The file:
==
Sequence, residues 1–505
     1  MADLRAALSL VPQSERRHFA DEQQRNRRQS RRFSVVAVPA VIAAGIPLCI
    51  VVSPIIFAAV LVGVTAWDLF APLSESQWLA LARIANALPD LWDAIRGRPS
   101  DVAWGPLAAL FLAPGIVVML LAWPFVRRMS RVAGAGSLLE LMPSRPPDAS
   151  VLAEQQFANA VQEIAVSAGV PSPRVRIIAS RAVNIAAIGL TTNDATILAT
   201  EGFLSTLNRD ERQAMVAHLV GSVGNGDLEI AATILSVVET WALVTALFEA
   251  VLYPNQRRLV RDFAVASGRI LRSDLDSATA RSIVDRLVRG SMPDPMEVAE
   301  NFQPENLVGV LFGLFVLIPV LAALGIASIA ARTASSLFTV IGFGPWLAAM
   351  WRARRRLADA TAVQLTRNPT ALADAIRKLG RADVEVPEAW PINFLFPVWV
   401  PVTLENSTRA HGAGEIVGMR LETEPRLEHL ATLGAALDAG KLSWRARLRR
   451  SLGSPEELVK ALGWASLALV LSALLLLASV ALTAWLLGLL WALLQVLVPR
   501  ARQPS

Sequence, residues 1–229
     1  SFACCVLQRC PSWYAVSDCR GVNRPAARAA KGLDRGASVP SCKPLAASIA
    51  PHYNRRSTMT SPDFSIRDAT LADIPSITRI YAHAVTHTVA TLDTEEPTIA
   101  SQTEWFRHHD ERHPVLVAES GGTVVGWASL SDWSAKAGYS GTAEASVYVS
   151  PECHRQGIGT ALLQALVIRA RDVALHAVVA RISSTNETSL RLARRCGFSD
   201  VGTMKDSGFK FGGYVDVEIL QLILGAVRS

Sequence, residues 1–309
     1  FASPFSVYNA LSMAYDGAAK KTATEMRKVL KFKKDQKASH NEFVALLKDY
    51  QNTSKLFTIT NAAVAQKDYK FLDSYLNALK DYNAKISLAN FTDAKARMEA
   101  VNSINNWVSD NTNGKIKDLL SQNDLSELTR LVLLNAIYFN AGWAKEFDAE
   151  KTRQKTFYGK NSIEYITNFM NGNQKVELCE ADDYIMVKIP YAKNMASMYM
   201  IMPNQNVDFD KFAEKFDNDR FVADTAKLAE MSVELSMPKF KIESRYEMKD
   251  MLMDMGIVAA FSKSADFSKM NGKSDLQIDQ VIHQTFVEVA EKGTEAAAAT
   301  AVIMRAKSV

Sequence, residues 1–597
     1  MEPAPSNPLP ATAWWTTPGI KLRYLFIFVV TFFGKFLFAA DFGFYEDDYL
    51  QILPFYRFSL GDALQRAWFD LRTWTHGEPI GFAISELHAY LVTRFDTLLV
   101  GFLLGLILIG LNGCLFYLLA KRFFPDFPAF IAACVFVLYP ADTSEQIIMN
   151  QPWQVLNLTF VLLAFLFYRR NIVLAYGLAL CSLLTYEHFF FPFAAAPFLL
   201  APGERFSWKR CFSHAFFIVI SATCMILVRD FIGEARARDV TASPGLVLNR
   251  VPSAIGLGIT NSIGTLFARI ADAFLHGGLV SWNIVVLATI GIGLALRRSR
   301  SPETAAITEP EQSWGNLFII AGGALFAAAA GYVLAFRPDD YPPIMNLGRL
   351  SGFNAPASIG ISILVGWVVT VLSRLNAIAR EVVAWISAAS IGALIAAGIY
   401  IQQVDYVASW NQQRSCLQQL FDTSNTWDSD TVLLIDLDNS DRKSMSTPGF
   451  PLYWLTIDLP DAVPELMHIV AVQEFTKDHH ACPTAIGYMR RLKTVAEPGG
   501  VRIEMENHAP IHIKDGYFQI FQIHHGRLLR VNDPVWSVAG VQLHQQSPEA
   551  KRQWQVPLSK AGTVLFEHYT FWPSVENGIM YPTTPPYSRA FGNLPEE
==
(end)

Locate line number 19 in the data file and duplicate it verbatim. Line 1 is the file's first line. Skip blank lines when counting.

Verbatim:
Sequence, residues 1–309